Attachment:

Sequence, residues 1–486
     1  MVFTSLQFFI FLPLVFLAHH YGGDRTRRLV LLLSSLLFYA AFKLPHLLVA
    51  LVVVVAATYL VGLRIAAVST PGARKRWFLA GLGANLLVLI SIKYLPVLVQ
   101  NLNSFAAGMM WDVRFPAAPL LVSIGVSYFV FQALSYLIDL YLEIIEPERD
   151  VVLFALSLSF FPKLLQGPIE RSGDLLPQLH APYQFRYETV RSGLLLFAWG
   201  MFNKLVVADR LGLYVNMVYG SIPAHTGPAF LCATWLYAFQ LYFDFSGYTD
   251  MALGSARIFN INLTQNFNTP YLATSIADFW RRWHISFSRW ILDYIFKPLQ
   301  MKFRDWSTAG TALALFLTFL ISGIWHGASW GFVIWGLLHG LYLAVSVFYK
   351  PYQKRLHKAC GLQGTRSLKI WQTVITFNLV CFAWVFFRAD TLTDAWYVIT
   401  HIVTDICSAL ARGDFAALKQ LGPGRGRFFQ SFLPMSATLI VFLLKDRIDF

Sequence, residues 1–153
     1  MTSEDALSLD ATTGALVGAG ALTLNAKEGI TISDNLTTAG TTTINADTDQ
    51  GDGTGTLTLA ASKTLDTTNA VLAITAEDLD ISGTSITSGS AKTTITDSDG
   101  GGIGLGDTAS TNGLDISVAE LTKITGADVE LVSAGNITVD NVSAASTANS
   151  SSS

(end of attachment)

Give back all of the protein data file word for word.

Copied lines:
Sequence, residues 1–486
     1  MVFTSLQFFI FLPLVFLAHH YGGDRTRRLV LLLSSLLFYA AFKLPHLLVA
    51  LVVVVAATYL VGLRIAAVST PGARKRWFLA GLGANLLVLI SIKYLPVLVQ
   101  NLNSFAAGMM WDVRFPAAPL LVSIGVSYFV FQALSYLIDL YLEIIEPERD
   151  VVLFALSLSF FPKLLQGPIE RSGDLLPQLH APYQFRYETV RSGLLLFAWG
   201  MFNKLVVADR LGLYVNMVYG SIPAHTGPAF LCATWLYAFQ LYFDFSGYTD
   251  MALGSARIFN INLTQNFNTP YLATSIADFW RRWHISFSRW ILDYIFKPLQ
   301  MKFRDWSTAG TALALFLTFL ISGIWHGASW GFVIWGLLHG LYLAVSVFYK
   351  PYQKRLHKAC GLQGTRSLKI WQTVITFNLV CFAWVFFRAD TLTDAWYVIT
   401  HIVTDICSAL ARGDFAALKQ LGPGRGRFFQ SFLPMSATLI VFLLKDRIDF

Sequence, residues 1–153
     1  MTSEDALSLD ATTGALVGAG ALTLNAKEGI TISDNLTTAG TTTINADTDQ
    51  GDGTGTLTLA ASKTLDTTNA VLAITAEDLD ISGTSITSGS AKTTITDSDG
   101  GGIGLGDTAS TNGLDISVAE LTKITGADVE LVSAGNITVD NVSAASTANS
   151  SSS